Leapfrogging (or technological leapfrogging) refers to the opportunities in developing countries to bypass several stages of technology development, historically observed in industrialized countries, and apply the most advanced presently available technologies in the energy and other economic sectors, through investments in technological development and capacity building.
Level of scientific understanding
This is an index on a 4-step scale (High, Medium, Low, and Very Low) designed to characterize the degree of scientific understanding of the radiative forcing agents that affect climate change. For each agent, the index represents a subjective judgement about the reliability of the estimate of its forcing, involving such factors as the assumptions necessary to evaluate the forcing, the degree of knowledge of the physical/chemical mechanisms determining the forcing, and the uncertainties surrounding the quantitative estimate.
Local Agenda 21
Local Agenda 21s are the local plans for environment and development that each local authority is meant to develop through a consultative process with their populations, with particular attention paid to involving women and youth. Many local authorities have developed Local Agenda 21s through consultative processes as a means of reorienting their policies, plans, and operations towards the achievement of sustainable development goals. The term comes from Chapter 28 of Agenda 21—the document formally endorsed by all government representatives attending the United Nations Conference on Environment and Development (also known as the Earth Summit) in Rio de Janeiro in 1992.
Lock-in technologies and practices
Technologies and practices that have market advantages arising from existing institutions, services, infrastructure, and available resources; they are very difficult to change because of their widespread use and the presence of associated infrastructure and socio-cultural patterns.
Any changes in natural or human systems that inadvertently increase vulnerability to climatic stimuli; an adaptation that does not succeed in reducing vulnerability but increases it instead.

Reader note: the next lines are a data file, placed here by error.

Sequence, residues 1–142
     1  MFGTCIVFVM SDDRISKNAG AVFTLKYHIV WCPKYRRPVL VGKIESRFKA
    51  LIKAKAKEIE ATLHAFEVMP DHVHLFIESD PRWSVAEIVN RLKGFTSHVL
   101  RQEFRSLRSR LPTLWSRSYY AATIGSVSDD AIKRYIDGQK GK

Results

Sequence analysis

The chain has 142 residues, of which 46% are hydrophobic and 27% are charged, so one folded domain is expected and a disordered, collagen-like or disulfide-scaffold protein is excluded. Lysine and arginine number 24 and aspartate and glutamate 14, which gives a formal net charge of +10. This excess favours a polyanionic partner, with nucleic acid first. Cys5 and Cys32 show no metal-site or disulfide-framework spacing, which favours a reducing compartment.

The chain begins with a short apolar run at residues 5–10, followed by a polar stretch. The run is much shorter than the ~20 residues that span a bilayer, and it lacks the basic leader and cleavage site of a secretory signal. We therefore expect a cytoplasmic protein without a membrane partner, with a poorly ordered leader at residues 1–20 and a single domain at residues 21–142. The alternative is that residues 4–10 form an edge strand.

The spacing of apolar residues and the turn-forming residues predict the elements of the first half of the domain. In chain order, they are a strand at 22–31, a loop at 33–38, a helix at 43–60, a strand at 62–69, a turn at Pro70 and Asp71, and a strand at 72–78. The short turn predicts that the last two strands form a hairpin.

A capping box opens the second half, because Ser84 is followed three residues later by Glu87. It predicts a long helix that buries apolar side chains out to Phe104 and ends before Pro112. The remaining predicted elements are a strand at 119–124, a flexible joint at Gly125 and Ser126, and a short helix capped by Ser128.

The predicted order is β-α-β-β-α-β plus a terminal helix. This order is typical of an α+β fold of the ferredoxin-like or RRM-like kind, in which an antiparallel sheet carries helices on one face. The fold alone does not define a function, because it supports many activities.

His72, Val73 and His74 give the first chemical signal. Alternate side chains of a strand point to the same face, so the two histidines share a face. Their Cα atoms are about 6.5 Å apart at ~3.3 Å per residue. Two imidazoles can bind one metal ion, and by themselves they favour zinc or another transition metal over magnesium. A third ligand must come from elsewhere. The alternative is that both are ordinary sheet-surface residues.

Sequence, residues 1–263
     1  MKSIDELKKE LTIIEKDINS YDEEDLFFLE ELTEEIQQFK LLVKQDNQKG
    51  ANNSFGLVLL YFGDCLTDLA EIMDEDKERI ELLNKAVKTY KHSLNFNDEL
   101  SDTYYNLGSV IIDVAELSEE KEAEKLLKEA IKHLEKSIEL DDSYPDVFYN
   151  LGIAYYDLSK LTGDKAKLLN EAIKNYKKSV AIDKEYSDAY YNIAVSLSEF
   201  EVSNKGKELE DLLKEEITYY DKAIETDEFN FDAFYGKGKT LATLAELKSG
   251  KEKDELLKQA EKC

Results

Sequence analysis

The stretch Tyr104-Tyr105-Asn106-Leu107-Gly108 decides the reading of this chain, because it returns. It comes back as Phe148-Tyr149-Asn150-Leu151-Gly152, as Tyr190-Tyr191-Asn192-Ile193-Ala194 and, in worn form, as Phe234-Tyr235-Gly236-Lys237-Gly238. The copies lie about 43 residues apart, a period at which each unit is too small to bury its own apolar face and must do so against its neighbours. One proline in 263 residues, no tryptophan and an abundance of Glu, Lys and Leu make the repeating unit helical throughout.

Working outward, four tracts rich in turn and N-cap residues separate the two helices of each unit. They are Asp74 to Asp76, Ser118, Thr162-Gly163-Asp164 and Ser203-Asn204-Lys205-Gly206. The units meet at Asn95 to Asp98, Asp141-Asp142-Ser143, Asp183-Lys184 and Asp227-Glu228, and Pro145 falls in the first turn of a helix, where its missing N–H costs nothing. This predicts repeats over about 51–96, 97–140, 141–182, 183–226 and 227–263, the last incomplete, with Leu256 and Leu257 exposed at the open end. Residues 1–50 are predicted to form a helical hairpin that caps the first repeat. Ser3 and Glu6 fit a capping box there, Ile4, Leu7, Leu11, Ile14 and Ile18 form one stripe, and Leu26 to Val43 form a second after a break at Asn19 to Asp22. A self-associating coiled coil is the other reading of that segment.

Endemic or epidemic parasitic disease caused by species of the genus Plasmodium (protozoa) and transmitted by mosquitoes of the genus Anopheles; produces high fever attacks and systemic disorders, and kills approximately 2 million people every year.
Marginal cost pricing
The pricing of commercial goods and services such that the price equals the additional cost that arises from the expansion of production by one additional unit.
In the context of mitigation of climate change, conditions that prevent or impede the diffusion of cost-effective technologies or practices that would mitigate greenhouse gas emissions.
Measures intended to use price mechanisms (e.g., taxes and tradable permits) to reduce greenhouse gas emissions.
Impacts that are linked to market transactions and directly affect Gross Domestic Product (a country’s national accounts)—for example, changes in the supply and price of agricultural goods. See also non-market impacts.
Market penetration is the share of a given market that is provided by a particular good or service at a given time.
The portion of the economic potential for greenhouse gas emissions reductions or energy-efficiency improvements that could be achieved under forecast market conditions, assuming no new policies and measures. See also economic potential, socio-economic potential, and technological potential.
Applies to all unit movements of land material propelled and controlled by gravity.
Mean Sea Level (MSL)
Mean Sea Level is normally defined as the average relative sea level over a period, such as a month or a year, long enough to average out transients such as waves. See also sea-level rise.